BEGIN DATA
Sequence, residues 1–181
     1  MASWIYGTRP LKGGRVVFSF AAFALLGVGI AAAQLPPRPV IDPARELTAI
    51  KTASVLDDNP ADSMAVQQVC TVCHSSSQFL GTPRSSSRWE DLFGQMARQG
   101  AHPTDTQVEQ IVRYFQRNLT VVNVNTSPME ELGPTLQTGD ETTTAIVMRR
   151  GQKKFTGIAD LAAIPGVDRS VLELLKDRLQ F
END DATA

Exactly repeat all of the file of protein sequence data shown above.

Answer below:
Sequence, residues 1–181
     1  MASWIYGTRP LKGGRVVFSF AAFALLGVGI AAAQLPPRPV IDPARELTAI
    51  KTASVLDDNP ADSMAVQQVC TVCHSSSQFL GTPRSSSRWE DLFGQMARQG
   101  AHPTDTQVEQ IVRYFQRNLT VVNVNTSPME ELGPTLQTGD ETTTAIVMRR
   151  GQKKFTGIAD LAAIPGVDRS VLELLKDRLQ F